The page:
organizations such as the Kanadska Slovenska
Liga, Jednota, and Podporny Spolok were started
in the early days of immigration, when people
came here with the idea of making money and
sending some back home to support the family left
behind in Slovakia.
But often those immigrants died in the mines
leaving a family without enough money even to pay
for the funeral. The fraternals arose from this
social need in the 30s by providing affordable
insurance which provided often only $1,000. But
what need will they serve in the year 2000 when
those insurance proceeds will not be sufficient?
Insurance premiums also provided these
fraternals with money to fund Slovak cultural
programs, so that the Liga, for example, got
heavily involved in sponsoring folk dance groups
and Slovak Day celebrations while Jednota chose
to fund North American-type activities such as
bowling and golf. These were intended to attract
members to the fraternals to make sure they
survived even as other activity in the Slovak
community seemed to decrease.
Women formed groups such as the Rosary Circle
at church; they had their own Zenska Jednota, and
as dedicated as they were to their religion they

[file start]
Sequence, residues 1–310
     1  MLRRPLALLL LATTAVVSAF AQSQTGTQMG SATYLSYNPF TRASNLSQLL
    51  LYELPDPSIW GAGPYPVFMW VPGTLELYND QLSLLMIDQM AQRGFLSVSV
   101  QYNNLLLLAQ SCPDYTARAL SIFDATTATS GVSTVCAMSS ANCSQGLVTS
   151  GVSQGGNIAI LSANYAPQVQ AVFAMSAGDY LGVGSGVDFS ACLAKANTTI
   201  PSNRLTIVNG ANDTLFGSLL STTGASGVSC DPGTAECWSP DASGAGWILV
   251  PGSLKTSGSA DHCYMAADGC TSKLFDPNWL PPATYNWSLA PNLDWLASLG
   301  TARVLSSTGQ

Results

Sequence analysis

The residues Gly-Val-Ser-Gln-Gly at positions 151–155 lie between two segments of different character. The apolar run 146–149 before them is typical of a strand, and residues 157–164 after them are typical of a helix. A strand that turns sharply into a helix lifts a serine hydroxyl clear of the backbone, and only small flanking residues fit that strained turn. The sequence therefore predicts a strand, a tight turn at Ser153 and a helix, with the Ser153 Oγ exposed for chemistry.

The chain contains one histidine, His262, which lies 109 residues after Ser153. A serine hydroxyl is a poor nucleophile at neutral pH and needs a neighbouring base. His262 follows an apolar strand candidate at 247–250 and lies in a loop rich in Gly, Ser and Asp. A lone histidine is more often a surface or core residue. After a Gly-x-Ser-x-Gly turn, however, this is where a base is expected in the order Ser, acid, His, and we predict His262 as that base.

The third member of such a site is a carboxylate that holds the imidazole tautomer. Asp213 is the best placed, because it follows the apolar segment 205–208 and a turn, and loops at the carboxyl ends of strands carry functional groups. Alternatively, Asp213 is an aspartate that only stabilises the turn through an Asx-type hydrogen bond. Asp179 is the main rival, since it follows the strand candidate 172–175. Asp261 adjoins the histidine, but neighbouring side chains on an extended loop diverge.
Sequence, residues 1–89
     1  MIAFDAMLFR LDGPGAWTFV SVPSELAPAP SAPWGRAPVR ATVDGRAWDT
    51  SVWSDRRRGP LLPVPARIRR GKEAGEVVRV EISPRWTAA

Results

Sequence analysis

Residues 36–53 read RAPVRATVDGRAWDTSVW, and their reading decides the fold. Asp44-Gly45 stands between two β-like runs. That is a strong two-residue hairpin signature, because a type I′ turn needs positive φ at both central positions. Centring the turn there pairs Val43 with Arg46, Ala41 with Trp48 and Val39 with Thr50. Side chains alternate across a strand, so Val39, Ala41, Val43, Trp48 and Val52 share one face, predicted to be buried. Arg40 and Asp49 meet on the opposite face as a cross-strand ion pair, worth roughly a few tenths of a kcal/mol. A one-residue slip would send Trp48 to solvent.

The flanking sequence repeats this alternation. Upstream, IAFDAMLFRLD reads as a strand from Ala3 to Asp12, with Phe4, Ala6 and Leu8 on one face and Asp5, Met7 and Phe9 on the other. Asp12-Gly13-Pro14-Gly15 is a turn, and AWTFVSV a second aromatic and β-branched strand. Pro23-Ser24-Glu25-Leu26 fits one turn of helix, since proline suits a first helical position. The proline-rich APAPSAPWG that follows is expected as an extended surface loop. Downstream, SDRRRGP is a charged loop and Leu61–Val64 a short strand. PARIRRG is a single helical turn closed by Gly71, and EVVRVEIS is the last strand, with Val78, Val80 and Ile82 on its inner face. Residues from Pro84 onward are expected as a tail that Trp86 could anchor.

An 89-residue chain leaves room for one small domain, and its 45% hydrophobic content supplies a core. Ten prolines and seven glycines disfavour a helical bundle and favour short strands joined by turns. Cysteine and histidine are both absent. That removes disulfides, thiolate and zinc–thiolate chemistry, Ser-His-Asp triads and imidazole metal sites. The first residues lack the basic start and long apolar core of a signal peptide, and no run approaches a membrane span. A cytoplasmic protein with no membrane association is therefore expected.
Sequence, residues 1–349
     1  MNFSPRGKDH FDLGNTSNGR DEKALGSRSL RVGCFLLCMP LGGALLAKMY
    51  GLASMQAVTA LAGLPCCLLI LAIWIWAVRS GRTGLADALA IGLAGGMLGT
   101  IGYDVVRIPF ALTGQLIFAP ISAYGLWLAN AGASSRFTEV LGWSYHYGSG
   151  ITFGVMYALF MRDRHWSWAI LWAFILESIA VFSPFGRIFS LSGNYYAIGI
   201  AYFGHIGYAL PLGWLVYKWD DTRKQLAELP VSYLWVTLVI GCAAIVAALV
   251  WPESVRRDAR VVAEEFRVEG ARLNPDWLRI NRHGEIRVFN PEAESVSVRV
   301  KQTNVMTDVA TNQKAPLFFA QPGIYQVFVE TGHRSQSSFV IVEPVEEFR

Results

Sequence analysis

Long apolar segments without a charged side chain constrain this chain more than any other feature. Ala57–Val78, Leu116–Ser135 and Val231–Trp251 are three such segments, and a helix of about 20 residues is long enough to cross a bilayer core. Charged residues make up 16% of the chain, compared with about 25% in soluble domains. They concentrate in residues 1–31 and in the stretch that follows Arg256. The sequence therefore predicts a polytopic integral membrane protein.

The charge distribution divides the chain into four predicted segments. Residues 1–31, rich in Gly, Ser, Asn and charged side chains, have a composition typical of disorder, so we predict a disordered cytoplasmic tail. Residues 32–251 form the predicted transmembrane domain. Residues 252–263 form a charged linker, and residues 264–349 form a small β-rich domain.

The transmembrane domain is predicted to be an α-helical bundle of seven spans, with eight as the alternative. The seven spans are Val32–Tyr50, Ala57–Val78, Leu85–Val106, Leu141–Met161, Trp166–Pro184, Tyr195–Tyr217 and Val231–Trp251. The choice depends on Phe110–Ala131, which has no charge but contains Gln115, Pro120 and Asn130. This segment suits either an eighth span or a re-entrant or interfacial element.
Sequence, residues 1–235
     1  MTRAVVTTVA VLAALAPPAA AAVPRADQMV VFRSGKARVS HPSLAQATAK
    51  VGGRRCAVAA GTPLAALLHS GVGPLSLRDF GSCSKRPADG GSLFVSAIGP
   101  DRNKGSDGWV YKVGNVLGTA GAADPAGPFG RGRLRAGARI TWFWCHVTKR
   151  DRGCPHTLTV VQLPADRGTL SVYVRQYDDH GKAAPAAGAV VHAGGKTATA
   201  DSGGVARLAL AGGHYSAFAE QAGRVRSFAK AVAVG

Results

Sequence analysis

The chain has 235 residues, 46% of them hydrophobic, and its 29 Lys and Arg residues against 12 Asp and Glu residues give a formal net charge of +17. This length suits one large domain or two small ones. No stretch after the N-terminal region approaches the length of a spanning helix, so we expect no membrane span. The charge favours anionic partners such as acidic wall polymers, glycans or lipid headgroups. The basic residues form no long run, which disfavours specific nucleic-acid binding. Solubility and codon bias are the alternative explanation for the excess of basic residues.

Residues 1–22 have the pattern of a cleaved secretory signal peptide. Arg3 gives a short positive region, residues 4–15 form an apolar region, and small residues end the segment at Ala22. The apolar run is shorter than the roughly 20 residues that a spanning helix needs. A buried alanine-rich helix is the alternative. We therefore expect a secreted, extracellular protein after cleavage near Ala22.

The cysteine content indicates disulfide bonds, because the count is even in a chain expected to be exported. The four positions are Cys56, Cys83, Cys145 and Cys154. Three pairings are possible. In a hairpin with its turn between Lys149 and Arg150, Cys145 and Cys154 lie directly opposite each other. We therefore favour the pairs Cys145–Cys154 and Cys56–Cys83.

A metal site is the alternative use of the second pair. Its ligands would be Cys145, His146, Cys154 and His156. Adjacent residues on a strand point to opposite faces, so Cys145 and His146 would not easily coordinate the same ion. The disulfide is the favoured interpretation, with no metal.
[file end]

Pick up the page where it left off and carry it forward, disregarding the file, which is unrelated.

knew the value of encouraging young members to
join them to keep the community and the fraternal
Today we have a credit union to which a good
part of the 120,000 Slovaks in Canada should
belong as members because for some it may be
their only visible sign of support for the
Times have changed; the need for minimal
insurance has passed. If one needs insurance one
goes to a commercial company for larger amounts
from $100,000 to $500,000 on one's life. But
Liga, Jednota, Sokol, Zenska Jednota, Podporny
Spolok still need your support and they each have
interesting programs and deserve support even if
it means taking out a small insurance policy to
join. One doesn't join these organizations just
for the insurance; one joins to show support for
the Slovak community in Canada.
Because there are so many other activities and
because Slovaks live so far apart, it is getting
harder to get Slovaks to attend meetings or
functions. As a result some of the organizations
go a long time without holding either meetings or
functions. Yet we have halls such as the one in
Toronto which lies idle, rarely used by the
community. The ones in Welland, St. Catharines
and Windsor are used as profit-making activities
for local branches.
But the membership is growing older, and the
people who dedicated themselves to the upkeep of
these properties can't afford the time they once
did. Who will be the ones to take over these
fraternals and properties? What will become of
them in 2000?
Unless our youth is convinced of the need for
these organizations and properties as symbols of
the Slovak community in Canada, they will be
sold. It is vital that the youth be encouraged to
take part in the executive of local branches, to
take part in the administration of things around
branches, even the hall. Someone has to take over
once the older generation goes.
It is essential that every Slovak chooses an
organization to support.
It doesn't matter whether it's the insurance,
the picnics, sponsoring folk dance groups or the
dances, to have a vibrant community a community
needs having organizations such as these to serve
as the community's backbone.